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Investing in peer-to-peer loans has become increasingly popular in recent years as income-seekers struggle to find a decent return on the high street.
Rock-bottom interest rates mean it’s virtually impossible to get a return that beats inflation from a savings account or Cash ISA.
Peer-to-peer (P2P) loans are viewed as something of a halfway house between cash and investing for many people – they offer better returns than cash but are not quite a full leap to putting your money in the stock market. It is important to realise, however, that P2P loans are a form of investment and comes with the risk that you may lose money.
P2P investing is when you lend money to a borrower – an individual or a business – through a middleman company, known as a platform. The money is loaned for a set period and the investor receives a rate of interest of that time and should get their money back at the end.
Many P2P providers split your money up into small chunks and spread it across a number of different loans. This helps reduce your risk as it means that if a borrower defaults on their loan you only have a small proportion of your money exposed to that loss. Several providers also have a contingency fund which is designed to pay out to cover any losses in the event of a default.
In 2016, as the popularity of P2P was growing, the government introduced (yet another) new type of ISA. The Innovative Finance ISA, or IFISA, lets you invest in peer-to-peer loans through an ISA so the income you receive on your investment is tax-free.
Take-up of this type of ISA has been relatively low so far. In their first year just 5,000 IFISAs were opened, with a total of £36 million invested. In the 2017/18 tax year, a total of £290 million was put into 31,000 IFISA accounts. Optimists expect these numbers to pick-up as P2P becomes more mainstream and as providers build up their track records and prove they are viable investments.
Longevity is Important
For those who are interested in P2P, it is important to do your research before you invest. Neil Faulkner, founder of P2P comparison website 4th Way, says a good place to start is by looking how long a provider has been running and how much money has been invested through them.
Zopa is one of the original incumbents in the sector for example, and has loaned £3.9bn since 2005, according to figures from 4th Way. That compares with Proplend, which has loaned just £60 million since 2014.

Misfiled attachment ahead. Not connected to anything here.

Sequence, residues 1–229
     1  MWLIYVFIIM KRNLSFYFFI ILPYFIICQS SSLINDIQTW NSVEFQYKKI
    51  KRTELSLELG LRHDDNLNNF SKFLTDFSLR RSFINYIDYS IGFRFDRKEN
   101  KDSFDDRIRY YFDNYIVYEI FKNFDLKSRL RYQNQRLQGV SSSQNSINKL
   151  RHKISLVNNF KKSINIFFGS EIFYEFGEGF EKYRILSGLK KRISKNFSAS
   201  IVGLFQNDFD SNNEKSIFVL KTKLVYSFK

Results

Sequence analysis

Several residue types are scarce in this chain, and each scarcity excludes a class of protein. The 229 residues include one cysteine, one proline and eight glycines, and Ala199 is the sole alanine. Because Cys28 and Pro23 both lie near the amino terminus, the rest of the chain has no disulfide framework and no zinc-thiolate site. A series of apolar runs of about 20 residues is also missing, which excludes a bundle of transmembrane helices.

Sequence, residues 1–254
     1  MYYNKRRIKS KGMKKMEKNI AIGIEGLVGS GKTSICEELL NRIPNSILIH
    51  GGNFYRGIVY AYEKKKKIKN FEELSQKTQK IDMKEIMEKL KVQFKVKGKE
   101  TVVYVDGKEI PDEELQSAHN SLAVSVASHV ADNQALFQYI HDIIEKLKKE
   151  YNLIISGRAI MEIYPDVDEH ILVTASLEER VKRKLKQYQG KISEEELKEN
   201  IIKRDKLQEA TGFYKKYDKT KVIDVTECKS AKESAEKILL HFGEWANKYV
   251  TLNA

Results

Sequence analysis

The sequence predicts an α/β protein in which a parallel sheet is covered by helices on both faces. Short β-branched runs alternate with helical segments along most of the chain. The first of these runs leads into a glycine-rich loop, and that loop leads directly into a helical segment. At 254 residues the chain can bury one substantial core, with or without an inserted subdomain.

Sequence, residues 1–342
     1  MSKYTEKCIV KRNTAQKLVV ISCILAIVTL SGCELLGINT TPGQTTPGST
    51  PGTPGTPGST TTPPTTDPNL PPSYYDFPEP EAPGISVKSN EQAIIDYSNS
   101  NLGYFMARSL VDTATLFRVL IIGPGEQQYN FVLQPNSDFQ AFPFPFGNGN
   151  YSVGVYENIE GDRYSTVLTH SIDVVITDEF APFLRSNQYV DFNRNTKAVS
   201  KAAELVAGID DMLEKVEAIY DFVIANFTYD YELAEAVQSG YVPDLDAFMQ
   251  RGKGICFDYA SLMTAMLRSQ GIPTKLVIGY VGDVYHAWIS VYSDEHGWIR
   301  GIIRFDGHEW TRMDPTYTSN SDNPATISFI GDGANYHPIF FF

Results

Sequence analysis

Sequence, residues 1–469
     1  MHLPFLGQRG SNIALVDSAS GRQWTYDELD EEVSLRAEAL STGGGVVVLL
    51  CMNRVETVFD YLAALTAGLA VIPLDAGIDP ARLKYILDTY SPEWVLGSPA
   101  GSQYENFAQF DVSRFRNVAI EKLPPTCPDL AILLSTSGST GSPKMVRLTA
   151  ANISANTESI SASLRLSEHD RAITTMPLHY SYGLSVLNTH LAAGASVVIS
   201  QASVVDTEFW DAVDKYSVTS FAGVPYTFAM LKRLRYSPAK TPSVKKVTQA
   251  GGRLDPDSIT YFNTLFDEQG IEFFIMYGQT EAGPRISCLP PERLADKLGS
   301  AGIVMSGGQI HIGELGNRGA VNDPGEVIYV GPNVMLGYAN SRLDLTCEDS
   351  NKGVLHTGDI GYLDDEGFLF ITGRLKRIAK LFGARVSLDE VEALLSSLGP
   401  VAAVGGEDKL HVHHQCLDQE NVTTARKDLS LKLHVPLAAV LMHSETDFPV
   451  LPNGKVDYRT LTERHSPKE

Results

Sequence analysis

Another important measure to check is the bad debt ratio. This is the proportion of borrowers who default on their loans and has increased in recent years as providers have become slightly less picky over who they lend to. 4th Way says that in its first year Zopa approved just 0.5% of applicants who applied for a loan, for example, but today it approves around 20%.
Finally, you should consider how much interest you are looking to earn and how much risk you are willing to take. The rewards on offer vary greatly across the various providers but, as with any investment, typically a higher level of interest will indicate a greater level of risk. Also worth checking is the difference between the rate of interest the borrower pays on their loan and the rate of interest you receive as an investor. The larger the gap is the greater the cut the middleman is taking.
Ben Yearsley, director at Shore Financial Planning, says: “Not everything is the same in IFISA world and the charges can be opaque. But one simple rule that does stand is: the higher the interest on offer, the more risk you are taking with your money.”
How Much Involvement Do You Want?
Once you are comfortable with the idea of peer-to-peer, you need to decide which type of lending you want to do. You can lend to individuals or to businesses, for example, and you self-select individual loans for yourself or let the provider allocate your money for you.
Typically, the latter option tends to be more suitable to those who are new to the field as you don’t have to do the heavy research that picking individuals loans requires. With this option often you money is spread across a number of loans automatically, which reduces the risk you are taking, whereas if you cherry-picking loans you need to ensure you are sufficiently diversified yourself.
Yearsley says: “With the managed version you are, in essence, investing blind. You invest in a pool of loans, which might have a common theme, but you don’t know who the individual borrowers are. With the self-select option you choose exactly who you are lending your money to.
“The question investors need to consider is how much involvement they want with their investment and whether they have the time or expertise to assess the prospects and risks of individual loans.”
The information contained within is for educational and informational purposes ONLY. It is not intended nor should it be considered an invitation or inducement to buy or sell a security or securities noted within nor should it be viewed as a communication intended to persuade or incite you to buy or sell security or securities noted within. Any commentary provided is the opinion of the author and should not be considered a personalised recommendation. The information contained within should not be a person’s sole basis for making an investment decision. Please contact your financial professional before making an investment decision.